Since the late 1980s, 25 March, the Independence Day of the Belarusian Democratic Republic, is widely celebrated by the Belarusian national democratic opposition as Freedom Day (Belarusian: Дзень волі). It is usually accompanied by mass opposition rallies in Minsk and by celebration events of the Belarusian diaspora organizations supporting the Belarusian government in exile.
Structure and functions
Initially the Rada was meant to be a provisional parliament which should perform its functions till a constitutional convention of Belarus was held. The Rada BNR formed a government consisting of its members.
Today the Rada sees itself as bearer of a symbolic mandate and as a guarantor of the independence of Belarus. The ultimate goal of the Rada is to transfer its mandate to a democratically elected Parliament of Belarus under the condition that no threat to the independence of Belarus should be present.
The Rada is led by the President of the Rada BNR (Старшыня Рады БНР) and a Presidium (Executive council) consisting of 14 members.
The Rada includes several Secretariates as working groups or individual secretaries responsible for relevant directions:
- Secretariate for External Affairs
- Secretariate for Internal Affairs
- Secretariate for Information
- Secretariate for Education
The activity of the Rada BNR is regulated by the Provisional Constitution of the Belarusian People's Republic and the Statute of the Rada BNR.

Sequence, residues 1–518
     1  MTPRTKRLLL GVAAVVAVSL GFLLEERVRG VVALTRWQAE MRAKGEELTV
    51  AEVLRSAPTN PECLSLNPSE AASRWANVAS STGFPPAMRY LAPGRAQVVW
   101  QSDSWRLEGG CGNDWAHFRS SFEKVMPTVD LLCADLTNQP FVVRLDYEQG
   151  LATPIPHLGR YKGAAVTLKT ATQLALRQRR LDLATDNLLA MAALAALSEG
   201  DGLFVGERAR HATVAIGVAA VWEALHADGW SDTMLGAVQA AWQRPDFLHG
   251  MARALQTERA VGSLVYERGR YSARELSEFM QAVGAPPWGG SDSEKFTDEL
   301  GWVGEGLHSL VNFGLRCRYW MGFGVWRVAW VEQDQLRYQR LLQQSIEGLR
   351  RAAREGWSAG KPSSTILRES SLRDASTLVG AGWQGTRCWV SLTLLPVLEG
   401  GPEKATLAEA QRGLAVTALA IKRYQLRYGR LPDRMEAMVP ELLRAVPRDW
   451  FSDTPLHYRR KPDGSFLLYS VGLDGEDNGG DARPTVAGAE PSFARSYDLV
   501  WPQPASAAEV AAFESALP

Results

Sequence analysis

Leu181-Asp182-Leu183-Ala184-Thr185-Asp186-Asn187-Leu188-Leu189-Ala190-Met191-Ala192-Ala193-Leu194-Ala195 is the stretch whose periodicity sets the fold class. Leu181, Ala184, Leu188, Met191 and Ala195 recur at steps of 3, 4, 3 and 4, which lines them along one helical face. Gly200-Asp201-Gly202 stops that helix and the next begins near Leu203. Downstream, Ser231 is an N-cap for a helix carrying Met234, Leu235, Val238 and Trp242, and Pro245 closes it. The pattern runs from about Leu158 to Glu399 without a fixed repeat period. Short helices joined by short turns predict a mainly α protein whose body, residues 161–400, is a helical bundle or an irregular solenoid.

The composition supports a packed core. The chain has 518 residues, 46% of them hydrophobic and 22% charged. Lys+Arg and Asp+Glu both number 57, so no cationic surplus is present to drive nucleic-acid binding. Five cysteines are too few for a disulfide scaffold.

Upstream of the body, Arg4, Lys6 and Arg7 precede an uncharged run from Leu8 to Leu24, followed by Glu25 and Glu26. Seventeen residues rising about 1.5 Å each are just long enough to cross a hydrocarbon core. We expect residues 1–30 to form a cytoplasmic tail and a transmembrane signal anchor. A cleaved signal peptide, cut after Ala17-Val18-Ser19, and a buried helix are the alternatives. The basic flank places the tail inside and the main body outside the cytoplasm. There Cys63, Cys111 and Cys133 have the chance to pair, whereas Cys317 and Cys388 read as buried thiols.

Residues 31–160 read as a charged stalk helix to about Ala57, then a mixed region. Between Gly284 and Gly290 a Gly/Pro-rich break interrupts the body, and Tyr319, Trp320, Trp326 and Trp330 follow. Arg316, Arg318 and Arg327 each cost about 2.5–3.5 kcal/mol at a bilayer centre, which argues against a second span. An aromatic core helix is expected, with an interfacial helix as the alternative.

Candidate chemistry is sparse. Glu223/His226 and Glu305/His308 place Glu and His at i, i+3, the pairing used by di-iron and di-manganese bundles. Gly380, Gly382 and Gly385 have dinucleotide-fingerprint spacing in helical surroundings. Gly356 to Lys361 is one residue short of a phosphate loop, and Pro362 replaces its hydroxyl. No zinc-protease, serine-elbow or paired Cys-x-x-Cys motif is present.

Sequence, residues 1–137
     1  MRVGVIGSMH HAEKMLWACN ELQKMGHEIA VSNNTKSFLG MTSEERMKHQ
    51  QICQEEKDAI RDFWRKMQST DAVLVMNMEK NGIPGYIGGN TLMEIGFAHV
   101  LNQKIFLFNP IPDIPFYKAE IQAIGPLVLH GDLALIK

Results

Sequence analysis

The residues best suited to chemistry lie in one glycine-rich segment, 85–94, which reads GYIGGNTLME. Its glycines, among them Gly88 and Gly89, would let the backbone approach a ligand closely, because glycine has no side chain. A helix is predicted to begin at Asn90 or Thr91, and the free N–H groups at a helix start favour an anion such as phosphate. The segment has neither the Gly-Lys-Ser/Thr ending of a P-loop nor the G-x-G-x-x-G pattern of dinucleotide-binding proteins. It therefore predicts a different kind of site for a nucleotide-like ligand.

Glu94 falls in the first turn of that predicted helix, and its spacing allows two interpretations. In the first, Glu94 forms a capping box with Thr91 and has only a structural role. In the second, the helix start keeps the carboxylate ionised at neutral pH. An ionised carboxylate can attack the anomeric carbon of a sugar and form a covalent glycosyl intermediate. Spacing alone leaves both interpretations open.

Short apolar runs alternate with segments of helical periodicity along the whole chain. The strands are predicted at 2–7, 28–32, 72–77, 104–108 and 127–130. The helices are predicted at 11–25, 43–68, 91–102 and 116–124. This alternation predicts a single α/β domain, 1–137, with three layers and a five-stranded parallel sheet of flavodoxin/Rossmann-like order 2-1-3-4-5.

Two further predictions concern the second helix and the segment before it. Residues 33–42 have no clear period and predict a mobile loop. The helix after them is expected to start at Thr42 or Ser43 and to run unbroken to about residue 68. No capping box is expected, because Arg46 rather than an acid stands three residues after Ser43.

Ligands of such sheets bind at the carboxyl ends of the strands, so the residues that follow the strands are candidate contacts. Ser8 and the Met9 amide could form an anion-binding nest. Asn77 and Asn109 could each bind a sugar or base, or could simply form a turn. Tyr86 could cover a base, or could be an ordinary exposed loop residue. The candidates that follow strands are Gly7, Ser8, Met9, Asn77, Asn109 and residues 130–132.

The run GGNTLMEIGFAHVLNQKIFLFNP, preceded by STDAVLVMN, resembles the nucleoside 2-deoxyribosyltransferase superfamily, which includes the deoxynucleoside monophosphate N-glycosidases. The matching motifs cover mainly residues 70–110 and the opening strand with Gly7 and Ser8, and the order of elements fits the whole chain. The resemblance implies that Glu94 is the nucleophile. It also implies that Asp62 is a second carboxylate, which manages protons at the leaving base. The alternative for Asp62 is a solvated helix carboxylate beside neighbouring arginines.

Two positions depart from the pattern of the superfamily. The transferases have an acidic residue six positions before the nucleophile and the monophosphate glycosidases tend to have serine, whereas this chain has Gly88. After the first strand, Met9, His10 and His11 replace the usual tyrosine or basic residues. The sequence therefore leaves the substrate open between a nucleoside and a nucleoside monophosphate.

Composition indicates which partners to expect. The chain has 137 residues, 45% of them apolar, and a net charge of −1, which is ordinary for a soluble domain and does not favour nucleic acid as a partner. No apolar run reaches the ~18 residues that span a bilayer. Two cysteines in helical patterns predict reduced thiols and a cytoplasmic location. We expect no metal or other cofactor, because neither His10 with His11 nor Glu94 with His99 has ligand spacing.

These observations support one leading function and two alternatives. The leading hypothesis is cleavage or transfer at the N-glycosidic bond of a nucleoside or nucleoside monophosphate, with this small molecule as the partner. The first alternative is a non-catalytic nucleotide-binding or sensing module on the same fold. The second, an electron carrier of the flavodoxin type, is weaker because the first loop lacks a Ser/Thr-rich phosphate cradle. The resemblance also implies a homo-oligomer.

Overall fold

Presidents of the Rada BNR
- Janka Sierada (9 March – 14 May 1918)
- Jazep Losik (14 May 1918 – 13 December 1919)
- Piotra Krečeŭski (13 December 1919 – 1928)
- Vasil Zacharka (1928–1943)
- Mikoła Abramčyk (1944–1970)
- Vincent Žuk-Hryskievič (1970–1982)
- Jazep Sažyč (1982–1997)
- Ivonka Survilla (since 1997)
- Ivonka Survilla – President
- Siarhiej Navumčyk, former member of the Supreme Soviet of Belarus and the Belarusian Popular Front – 1st Vice-President
- Viačasłau Stankievič, Belarusan-American Association – Vice-President
- Mikoła Pačkajeŭ, Association of Belarusians in Great Britain, former senior activist of the Belarusian Popular Front and Malady Front – Vice-President
- Viačasłau Bortnik, former Vice-President of the Belarusan-American Association – Secretary
- Aleś Čajčyc – Information Secretary
- Siarhiej Piatrovič – Treasurer
- Ała Kuźmickaja – Recording Secretary
- Dr. Ała Orsa Romano, president of the Orsa Romano Foundation – Secretary of Education
- Valancina Tryhubovič, Belarusan-American Association – Archivist
- Alaksandar Starykievič
- Alaksandar Kot
- Pavał Šaŭcoŭ, Association of Belarusians in Great Britain
- Siarhiej Piatkievič, Association of Belarusians in Great Britain
- Hanna Surmač, Belarusan-American Association